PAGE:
FAME Review: Joanne Shaw Taylor - Diamonds in the Dirt
 
Joanne Shaw Taylor - Diamonds in the Dirt

Diamonds in the Dirt

Joanne Shaw Taylor

Ruf Records - RUF 1164

Available from Ruf Records.

A review written for the Folk & Acoustic Music Exchange
by Bob Gottlieb
(taoboy@cox.net)

If you are one of the few who heard this young British artist's debut disc, White Sugar, this second disc is different in some significant ways. She has since moved to the states and now calls Detroit her home base, and like much of the Detroit music her sound has added muscular grit, it has become a souped up Dodge Ram truck as opposed to a hot Pontiac Bonneville. She stills plays with the same intensity and touch, but now there is a greater frenetic force to her playing. She does take some time to slow it down with less of a frenetic pace, and a more mellow sound on a couple of tunes; Diamonds In The Dirt and The World and Its Way. On these tunes she uses the opportunity to display another quieter approach, softer in some ways and an even more focused side of her playing and singing (something this reviewer appreciates because it reveals more facets of her as an artist).

On Diamonds In The Dirt, she again teams up with producer Jim Gaines (Stevie Ray Vaughan) and the others from White Sugar, along with her current band, bassist Dave Smith, keyboards by Rick Steff, and Steve Potts on drums. The four of them work together well, with the guys laying down a solid rhythm foundation for her to launch into her sometimes-combustible solos that torch the surrounding earth. Her voice has a pleasant rough edge to it, and is as good as her guitar playing. However, the songs that are all her own compositions don't have much to say beyond the usual blues clichés. There is great potential in this mid-twenties blues-lady and it will be very interesting to see which direction she channels this energy. I think a little less of the flashy guitar, coupled with some material that is written from a more experienced perspective would set her on a path from which her only limits would be those she imposes on herself. Some times her guitar is great flash, not always a negative and sometimes needed to gain attention; and at other times her playing shows tremendous touch and joy, there is unlimited potential here.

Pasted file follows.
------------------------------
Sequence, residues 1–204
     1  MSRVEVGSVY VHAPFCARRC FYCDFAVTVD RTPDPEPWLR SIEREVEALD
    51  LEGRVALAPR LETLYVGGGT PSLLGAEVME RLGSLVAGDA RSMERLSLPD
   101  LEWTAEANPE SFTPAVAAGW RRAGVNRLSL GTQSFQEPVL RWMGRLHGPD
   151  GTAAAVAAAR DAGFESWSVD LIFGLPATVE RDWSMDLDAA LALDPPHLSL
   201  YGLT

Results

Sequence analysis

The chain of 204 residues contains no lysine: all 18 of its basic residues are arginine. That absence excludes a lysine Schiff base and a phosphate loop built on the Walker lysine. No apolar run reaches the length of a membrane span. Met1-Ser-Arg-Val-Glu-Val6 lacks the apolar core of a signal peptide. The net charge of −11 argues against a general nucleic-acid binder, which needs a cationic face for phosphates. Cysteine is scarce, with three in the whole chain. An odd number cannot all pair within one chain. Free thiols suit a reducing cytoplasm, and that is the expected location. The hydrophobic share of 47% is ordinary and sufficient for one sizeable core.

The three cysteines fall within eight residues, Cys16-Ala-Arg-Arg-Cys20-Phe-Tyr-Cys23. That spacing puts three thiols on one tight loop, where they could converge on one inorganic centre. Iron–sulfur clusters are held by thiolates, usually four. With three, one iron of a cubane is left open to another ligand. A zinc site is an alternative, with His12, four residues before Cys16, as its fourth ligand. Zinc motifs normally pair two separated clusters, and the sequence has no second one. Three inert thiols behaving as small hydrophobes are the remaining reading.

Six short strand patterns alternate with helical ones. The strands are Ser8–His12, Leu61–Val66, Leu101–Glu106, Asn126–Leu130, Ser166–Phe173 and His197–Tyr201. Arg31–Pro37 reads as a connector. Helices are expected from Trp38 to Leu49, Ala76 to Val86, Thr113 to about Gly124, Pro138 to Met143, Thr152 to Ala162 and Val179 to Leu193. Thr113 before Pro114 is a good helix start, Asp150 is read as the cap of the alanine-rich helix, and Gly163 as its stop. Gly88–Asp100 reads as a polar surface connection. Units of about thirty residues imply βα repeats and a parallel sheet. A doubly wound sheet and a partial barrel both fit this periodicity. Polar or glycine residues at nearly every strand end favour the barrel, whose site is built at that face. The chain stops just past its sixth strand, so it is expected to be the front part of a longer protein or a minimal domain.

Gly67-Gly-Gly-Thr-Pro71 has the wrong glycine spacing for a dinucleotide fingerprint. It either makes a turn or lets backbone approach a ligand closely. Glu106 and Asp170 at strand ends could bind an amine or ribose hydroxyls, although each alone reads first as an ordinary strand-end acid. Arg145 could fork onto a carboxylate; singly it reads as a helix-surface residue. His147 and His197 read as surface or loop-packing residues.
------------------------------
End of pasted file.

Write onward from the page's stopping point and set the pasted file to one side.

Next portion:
Track List:

  • Can't Keep Living Like This
  • Dead And Gone
  • Same As It Never Was
  • Jump That Train
  • Who Do You Love?
  • Diamonds In The Dirt
  • Let It Burn
  • World On Fire
  • Lord Have Mercy
  • The World And It's Way

Edited by: David N. Pyles
(dnpyles@acousticmusic.com)

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Copyright 2010, Peterborough Folk Music Society.
This review may be reprinted with prior permission and attribution.
 
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